Ah, the seduction of sumptuous cashmere.
Lulled into a lustful stupor, I recently stood in the sweater aisle of an apparel store in Seattle and wondered, What would Jesus buy? Immediately, I knew the answer: Jesus would shell out $198 for the cashmere sweater that had me spellbound. Next question?
Just to be on the safe side, I counted off the reasons why this purchase would make the world a better place.
One: The pullover felt dizzyingly soft against the skin. (I'd stop here if I weren't a Christian.)
Two: The sweater felt just as easy on the conscience. The clerk informed me that the soft fibers had been combed gentlyand not shearedfrom the shedding underlayer of Kashmir goats on Mongolia's frigid high plateaus. Not only did the animals not suffer, they practically got a massage. Animal welfare: check.
Three: No harmful pesticides were usedso none seeped into the groundas a result of the garment's production. Creation care: check.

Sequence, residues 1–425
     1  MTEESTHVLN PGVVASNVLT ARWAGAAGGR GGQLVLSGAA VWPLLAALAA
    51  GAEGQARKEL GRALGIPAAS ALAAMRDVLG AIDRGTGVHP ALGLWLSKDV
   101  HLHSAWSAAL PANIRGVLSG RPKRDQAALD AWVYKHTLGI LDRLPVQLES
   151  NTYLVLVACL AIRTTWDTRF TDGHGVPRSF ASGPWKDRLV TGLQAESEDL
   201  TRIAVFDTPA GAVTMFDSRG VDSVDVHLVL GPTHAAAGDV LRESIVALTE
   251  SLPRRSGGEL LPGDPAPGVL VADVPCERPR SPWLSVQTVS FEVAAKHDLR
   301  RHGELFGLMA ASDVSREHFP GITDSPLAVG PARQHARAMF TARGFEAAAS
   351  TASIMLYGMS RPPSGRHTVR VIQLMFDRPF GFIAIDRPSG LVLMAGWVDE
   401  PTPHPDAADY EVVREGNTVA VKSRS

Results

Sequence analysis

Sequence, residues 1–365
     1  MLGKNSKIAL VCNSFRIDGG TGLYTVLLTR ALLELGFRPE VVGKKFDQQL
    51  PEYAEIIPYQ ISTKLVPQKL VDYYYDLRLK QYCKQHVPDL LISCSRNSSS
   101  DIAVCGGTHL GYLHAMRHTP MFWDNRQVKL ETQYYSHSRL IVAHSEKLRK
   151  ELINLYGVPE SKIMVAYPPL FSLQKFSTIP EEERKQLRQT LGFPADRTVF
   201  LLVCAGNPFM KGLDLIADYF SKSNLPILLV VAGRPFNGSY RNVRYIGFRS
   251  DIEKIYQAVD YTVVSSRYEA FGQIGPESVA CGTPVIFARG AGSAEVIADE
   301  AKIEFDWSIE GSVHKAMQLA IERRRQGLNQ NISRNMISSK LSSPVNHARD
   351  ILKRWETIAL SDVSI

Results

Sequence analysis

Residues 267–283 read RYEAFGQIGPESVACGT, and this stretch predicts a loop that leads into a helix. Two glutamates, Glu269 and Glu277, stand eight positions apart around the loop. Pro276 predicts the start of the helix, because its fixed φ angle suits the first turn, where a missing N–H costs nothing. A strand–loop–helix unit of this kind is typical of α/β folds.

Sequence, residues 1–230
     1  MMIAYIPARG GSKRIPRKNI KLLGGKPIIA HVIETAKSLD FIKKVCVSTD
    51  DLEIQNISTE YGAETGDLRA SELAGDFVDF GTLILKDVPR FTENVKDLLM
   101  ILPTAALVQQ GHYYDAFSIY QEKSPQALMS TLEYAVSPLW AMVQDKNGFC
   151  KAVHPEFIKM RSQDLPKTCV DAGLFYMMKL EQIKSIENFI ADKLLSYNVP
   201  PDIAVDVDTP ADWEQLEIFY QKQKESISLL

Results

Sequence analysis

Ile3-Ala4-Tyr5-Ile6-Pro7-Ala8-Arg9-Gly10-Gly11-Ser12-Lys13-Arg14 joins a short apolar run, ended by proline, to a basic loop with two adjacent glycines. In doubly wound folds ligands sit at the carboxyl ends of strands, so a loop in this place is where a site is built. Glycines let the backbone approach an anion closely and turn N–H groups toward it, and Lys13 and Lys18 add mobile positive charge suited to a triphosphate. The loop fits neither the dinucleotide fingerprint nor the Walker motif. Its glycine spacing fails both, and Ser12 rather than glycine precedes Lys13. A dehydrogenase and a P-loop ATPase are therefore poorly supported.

Four: My purchase would move the world a little closer to ending poverty-level wages. The Mongolian herdersfor whom the goats are a sole livelihoodwere compensated fairly, the clerk said. Social justice: check.
Five: The sweater wasn't even for me. It was a gift for my husband. Magnanimity: check.
Six: I was sipping a cup of fairly traded coffee bought at an independently owned store that gives back to the community. Righteous intoxication: check.
Surely Jesus would be the kind of consumer I try to be: compassionate and fair to people and animals involved in production processes, concerned about the effect of products on the environment, and, at times, lavish in his choices (as the woman who anointed his feet with expensive perfume knew). He would buy organic eggs from ...1